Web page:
Gruff howled and Jim ran around the help with a short two by four in his hand. The rattlesnake released the bite and dropped the ground. Coiling up for another attack. Jim slammed the board down hard on the snake knocking it senseless. He smashed it five more times until it lay in a lifeless heap.
“Gruff, are you okay?” Jim turned his attention to Gruff who spun in circles trying to get away from the pain in his shoulder.
“Come here Gruff.”
Gruff hunched down and crawled to his master who always knew what to do.
“We have to get you to a vet. Doctor Janie will know what to do.”
Jim held Gruff tight trying to calm him down. Gruff relaxed and he used both arms to lift him up.
“Stay real calm now so the venom doesn’t travel too far. I’ll carry you up the hill and dad will take you to the animal hospital.”
Walking as fast he could with the load in his arms, Jim made the trip back up the hill to the driveway. When he reached flat ground, he sprinted to house and called out to his dad.
“Dad, come quick. We have to get Gruff to the hospital.
His dad ran out through the front door still wearing his church suit.
“Gruff was bit by a rattlesnake.”
“I’ll get the car. You wait by the driveway.”
His dad ran to the side of the house and jumped into their old green, Chevy. He flipped on the ignition, jammed the car into first gear and throttled forward leaving a cloud of dust behind. He slid to a stop next to Jim who opened the back door and quickly climbed in the back seat with Gruff.
“When did this happen?”
“Just five minutes ago, down by the creek near the old woodpile.”
“How is Gruff doing?”
He seems better now. He howled when he was bit but seems okay.
Gruff looked up and licked Jim on the cheek.
“Maybe the snake didn’t get much venom in him. But maybe he did. We’ll know more when we get to the vet.”
Jim held Gruff close and buried his face in his fur.
“Oh, Gruff, I hope you’ll be okay.” Then he remembered to pray.
“Please God, make Gruff okay. I’m sorry for what I said about kicking death in the shins. In know I have to trust you.”
Jim thought about the funeral he attended earlier in the day and wondered if Gruff would die. Hot tears welled up in his eyes so he pushed his face deeper in Gruff’s fur until he couldn’t breath. He prayed as hard as he could that God world take away the poison and Gruff would be okay. Gruff lay still and quite, feeling his friend sobbing in his fur.
Minutes later they arrived at the Animal Hospital and dad parked in the emergency space. He got out and opened the back door.
“Hand him to me. I’ll take him inside.”
Jim let go and his dad carefully picked Gruff up in his arms and carried him inside. Jim followed, watched the event through blurry, tear filled eyes.
“Remember to trust in God’s goodness,” his dad said as he entered though the glass door.
“Can I help you?” Dr Janie asked from behind a desk.
“Jim said Gruff was bit by a rattler.”
“When did this happen?”
“About twenty minutes ago,” Jim blubbered out.
“Where was he bit?”
“On his left shoulder. Right there,” Jim pointed.
“Bring him to the examining room and let’s take a look.”
They walked together into the clean examining room with stainless steel cabinets and a flat table covered with white sheet. A bright examination light was suspended on a movable arm over the table.
“Put him up here.”
Jim’s dad gently placed him on the table. Gruff layed on his side a looked around the strange room with curious eyes.
“You said he was bit right here” She pulled the fur away to look at his skin.
“I saw the snake strike and bite him on his shoulder. Is he gonna be okay.”
“Well I see the puncture wound, but so far there’s no sign of swelling.”
She touched the area near the bite. Gruff looked down, but did not flinch.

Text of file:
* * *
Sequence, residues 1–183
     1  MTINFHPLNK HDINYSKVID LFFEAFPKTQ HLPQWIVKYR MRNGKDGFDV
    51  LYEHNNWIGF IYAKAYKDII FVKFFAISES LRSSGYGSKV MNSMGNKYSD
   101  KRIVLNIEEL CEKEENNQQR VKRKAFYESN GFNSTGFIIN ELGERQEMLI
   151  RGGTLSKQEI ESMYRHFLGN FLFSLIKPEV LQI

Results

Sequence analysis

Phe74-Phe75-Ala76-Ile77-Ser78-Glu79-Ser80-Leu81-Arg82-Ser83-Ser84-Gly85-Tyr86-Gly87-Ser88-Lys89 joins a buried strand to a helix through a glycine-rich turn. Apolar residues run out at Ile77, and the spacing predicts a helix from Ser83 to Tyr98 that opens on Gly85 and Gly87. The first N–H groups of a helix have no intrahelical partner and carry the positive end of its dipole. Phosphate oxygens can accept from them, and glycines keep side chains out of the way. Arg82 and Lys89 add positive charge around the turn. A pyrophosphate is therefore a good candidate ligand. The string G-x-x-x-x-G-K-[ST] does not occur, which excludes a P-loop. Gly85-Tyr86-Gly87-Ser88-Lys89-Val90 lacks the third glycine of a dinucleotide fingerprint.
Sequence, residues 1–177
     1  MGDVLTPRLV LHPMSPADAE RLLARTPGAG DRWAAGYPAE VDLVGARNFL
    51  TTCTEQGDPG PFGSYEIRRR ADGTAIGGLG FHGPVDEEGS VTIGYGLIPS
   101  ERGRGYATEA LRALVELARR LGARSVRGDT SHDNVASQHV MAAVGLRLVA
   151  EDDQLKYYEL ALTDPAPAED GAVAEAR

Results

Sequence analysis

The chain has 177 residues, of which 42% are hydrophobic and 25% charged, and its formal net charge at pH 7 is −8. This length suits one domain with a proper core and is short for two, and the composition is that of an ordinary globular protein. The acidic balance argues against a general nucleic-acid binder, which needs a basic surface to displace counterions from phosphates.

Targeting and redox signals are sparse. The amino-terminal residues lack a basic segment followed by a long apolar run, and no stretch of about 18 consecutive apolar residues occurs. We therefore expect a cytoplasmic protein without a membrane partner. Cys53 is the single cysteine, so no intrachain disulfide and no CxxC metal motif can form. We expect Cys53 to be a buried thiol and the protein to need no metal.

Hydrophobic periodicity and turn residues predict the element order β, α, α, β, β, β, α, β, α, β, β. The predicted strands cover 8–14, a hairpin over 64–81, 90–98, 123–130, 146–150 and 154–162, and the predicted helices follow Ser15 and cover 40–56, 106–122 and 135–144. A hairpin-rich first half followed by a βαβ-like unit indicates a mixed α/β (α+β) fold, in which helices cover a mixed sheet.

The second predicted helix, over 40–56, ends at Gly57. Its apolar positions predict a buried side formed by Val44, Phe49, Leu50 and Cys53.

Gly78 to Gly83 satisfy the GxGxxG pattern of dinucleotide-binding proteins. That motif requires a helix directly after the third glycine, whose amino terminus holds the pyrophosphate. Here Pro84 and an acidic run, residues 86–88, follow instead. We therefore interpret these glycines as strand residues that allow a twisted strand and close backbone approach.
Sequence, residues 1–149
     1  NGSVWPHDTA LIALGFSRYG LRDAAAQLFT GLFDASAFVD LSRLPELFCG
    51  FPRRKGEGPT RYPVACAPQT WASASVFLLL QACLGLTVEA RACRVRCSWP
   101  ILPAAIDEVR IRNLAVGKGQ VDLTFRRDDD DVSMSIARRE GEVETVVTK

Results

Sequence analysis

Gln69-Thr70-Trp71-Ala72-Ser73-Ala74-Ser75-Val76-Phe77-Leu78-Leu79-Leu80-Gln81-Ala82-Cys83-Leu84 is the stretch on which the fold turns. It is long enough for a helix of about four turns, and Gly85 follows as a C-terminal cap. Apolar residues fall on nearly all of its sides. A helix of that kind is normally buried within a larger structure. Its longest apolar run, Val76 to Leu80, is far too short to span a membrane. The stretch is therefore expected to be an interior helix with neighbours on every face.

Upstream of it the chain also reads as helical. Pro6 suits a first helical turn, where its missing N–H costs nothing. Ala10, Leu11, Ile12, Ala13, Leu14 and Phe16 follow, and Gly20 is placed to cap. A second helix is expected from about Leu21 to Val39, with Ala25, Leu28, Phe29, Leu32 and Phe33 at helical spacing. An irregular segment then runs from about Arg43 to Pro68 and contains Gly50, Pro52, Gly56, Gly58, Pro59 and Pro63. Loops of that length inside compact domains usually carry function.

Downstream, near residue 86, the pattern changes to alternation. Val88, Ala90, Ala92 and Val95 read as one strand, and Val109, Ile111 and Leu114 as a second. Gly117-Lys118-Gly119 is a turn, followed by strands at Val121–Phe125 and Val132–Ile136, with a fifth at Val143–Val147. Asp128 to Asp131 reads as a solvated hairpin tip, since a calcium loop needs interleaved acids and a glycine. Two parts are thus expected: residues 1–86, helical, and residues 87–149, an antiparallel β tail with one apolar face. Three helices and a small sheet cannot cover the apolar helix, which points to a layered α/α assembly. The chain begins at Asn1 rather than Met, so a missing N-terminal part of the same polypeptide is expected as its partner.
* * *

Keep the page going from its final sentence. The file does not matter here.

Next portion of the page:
“He doesn’t seem to be in any pain. Normally I’d administer antivenin but this looks like a dry bite.”
“What’s that,” Jim asked.
“That’s when a rattlesnake bites, but doesn’t inject any venom. I think this is a defensive bite. The snake was afraid, but didn’t see Gruff as a meal so he didn’t release the venom.”
“You mean he’s gonna live?” Jim choked out.
“Of course he’ll live. I’ll apply some antiseptic and give him a shot of antibiotic just so he doesn’t get an infection.”
Gruff lifted his head and looked around at the strange objects in the room.
Gruff, you’re going to be okay,” Jim smiled and held back a laugh. “The doctor says your gonna be okay.”
He rubbed him on the side of his neck while Dr. Janie walked across the room to fill the syringe with antibiotics.
“This might sting a little so hold him tight.”
Jim held Gruff tightly around his neck and whispered in his ear.
“God answered our prayer Gruff. He really did. Thank you Lord for saving Gruff.”
Gruff flinched and let out a short yipe when he felt the shot but stayed close to his master. He liked being close to him and even if he felt a thorn in his rear, would never leave his side.
“Well, that’s about it. Take him home and keep him calm for the rest of the day and you’ll both be ready to go play again.”
“Thank you Dr, Janie,” Jim’s dad said. “Praise God it turned out this way.”
He looked down at Gruff and Jim. “They’ve grown to be good friends. I’d hate it if anything happened to either of them.”
He rubbed one hand on Jim’s hair and the other on Gruff’s head.
“Come on boys. Lets’ get out of here. I’m sure the good doctor has other patients to care for.”
“I’m glad it wasn’t serous,” she said. “What are you going to do about that snake? I’d hate for someone else to get bit.”
“I’ll go down there today to try to find it. If I do, I’ll relocate it far away.”
“Uh, dad…you don’t have to do that.”
“What do you mean? You don’t want it to bite one of your friends, do you?”
“Well, I kinda, sorta took care of it.”
“When I saw it bite Gruff, I got so mad I whacked is with a stick I was holding and sorta killed it.”
“Oh,” the doctor said. “I guess that’s the end of that.”
Dad helped Gruff off the table and the three of them walked out of the office with Gruff”s tail wagging and Jim smiling ear to ear. Just minutes before, they feared death and now looked forward to many year of fun playing by the creek.
“Thank you God, “ Jim whispered and they climbed back into the car.